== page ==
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    Discuss treatment options with your doctor. Treatments for the chickenpox are usually supportive and done at home. If you are at higher risk and develop other conditions with the chickenpox, then you may need hospitalization for treatment of the secondary infection and supportive therapy. At home treatments will help the individual to recover more comfortably.[19] Common at home treatments for the chickenpox include:
    • Calamine lotion and colloidal oatmeal baths to help dry out the lesions and relieve the itching.
    • Non-aspirin medications, such as acetaminophen, to relieve fever. Aspirin products have been associated with Reye’s syndrome which is a severe disease that affects the liver and brain, leading to death.
    • Antiviral medications for people in a high risk group who may develop secondary infections. Those antiviral medications include acyclovir, valacyclovir, and famciclovir.
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    Know when to seek medical attention. If the individual is being treated at home, it is important to know what situations require immediate medical attention.[20] Call your doctor or take the individual to an emergency room if the individual:
    • Is older than 12 years of age for preventative supportive care
    • Has a weakened immune system
    • Is pregnant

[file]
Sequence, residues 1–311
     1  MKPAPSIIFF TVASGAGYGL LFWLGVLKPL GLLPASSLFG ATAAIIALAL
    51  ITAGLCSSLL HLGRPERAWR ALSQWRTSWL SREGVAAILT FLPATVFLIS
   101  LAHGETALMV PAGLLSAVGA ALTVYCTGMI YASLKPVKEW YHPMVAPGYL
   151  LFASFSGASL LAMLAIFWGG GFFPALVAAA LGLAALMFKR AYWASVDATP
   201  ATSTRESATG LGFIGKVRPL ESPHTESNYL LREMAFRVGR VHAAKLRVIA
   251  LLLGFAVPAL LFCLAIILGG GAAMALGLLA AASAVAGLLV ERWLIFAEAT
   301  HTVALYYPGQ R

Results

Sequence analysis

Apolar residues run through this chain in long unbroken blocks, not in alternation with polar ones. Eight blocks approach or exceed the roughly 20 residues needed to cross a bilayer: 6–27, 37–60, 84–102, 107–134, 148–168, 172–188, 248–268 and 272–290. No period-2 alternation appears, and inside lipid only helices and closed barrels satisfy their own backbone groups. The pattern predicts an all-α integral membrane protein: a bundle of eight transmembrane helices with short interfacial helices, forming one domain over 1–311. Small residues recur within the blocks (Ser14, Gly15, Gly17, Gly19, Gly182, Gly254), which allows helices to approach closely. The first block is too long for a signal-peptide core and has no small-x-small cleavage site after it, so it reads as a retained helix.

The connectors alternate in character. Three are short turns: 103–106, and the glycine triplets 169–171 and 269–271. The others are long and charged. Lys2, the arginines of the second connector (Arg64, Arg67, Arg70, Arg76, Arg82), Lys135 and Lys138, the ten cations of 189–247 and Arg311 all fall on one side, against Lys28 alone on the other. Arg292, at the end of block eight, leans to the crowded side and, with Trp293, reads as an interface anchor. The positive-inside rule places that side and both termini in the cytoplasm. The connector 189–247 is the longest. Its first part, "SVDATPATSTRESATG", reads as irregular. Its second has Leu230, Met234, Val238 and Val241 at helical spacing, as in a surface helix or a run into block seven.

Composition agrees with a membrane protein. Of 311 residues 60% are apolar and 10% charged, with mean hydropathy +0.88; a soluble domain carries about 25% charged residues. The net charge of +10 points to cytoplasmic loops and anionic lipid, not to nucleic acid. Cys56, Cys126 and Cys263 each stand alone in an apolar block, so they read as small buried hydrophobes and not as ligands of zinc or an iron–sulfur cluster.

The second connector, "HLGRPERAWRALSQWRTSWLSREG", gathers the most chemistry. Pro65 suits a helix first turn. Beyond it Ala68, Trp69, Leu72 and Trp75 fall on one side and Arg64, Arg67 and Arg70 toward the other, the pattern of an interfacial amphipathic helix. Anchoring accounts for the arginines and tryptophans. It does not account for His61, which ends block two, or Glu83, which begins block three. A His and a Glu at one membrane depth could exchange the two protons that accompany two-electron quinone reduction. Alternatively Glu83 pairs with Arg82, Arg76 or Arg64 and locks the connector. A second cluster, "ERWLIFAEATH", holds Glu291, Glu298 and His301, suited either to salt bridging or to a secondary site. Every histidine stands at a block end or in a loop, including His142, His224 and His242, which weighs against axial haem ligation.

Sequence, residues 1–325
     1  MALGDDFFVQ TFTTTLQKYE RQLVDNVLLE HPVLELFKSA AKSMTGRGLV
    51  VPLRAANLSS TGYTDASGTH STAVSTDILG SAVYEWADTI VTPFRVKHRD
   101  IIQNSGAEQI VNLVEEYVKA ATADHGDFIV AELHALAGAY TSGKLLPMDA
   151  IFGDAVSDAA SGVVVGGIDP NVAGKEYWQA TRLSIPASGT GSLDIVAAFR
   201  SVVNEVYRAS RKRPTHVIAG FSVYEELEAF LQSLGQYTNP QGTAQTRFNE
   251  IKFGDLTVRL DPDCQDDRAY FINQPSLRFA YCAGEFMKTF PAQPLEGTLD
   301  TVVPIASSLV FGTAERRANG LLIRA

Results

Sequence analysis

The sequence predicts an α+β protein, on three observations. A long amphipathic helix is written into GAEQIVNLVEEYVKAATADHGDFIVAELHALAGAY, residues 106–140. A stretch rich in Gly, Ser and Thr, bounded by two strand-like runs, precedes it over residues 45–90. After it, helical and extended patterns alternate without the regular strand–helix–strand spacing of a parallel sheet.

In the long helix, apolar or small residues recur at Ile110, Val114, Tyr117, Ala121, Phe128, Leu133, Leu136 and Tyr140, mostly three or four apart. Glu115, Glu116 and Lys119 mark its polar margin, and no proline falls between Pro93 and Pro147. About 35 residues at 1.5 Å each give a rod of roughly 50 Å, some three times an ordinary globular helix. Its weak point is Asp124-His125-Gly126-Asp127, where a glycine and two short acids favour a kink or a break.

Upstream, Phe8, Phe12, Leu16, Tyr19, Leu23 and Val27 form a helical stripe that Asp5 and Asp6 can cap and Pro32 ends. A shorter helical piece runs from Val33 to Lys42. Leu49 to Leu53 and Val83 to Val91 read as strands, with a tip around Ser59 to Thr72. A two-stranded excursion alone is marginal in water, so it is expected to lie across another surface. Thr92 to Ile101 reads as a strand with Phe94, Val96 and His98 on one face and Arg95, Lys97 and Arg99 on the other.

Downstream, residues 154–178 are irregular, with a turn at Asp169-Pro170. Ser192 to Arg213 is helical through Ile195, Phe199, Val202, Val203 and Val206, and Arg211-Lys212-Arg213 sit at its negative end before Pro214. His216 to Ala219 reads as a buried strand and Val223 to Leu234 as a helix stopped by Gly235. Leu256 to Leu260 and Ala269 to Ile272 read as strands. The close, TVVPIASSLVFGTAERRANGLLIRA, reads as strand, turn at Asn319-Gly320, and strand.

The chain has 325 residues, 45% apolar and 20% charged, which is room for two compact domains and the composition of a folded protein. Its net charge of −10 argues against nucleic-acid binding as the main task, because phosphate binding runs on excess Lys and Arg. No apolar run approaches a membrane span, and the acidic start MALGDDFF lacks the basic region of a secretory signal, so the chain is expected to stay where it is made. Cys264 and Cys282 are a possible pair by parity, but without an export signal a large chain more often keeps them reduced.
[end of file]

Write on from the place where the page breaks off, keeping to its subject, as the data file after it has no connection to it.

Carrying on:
• Has a fever that lasts longer than 4 days
    • Has a fever above 102 °F (38.9 °C)
    • Has areas of the rash that becomes very red, warm or tender
    • Has an area that leaks thick discolored fluid
    • Has difficulty waking up or appears confused
    • Has difficulty walking
    • Has a stiff neck
    • Has frequent vomiting
    • Has difficulty breathing or a severe cough


  • Chickenpox is a common childhood illness that is highly contagious and requires significant precautions if you want to prevent the spread of the disease.
  • If you are an adult or have a weakened immune system, you should practice consistent and cautious care around someone with chickenpox as the consequences are dangerous and possibly life-threatening.
  • Keep in mind that people who have shingles can also spread chickenpox to people who haven’t had it before, but only through direct contact. Droplet infection is not possible when you have shingles.[21]Once you have had Chickenpox you can develop shingles, years or even decades later.

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Categories: Skin Conditions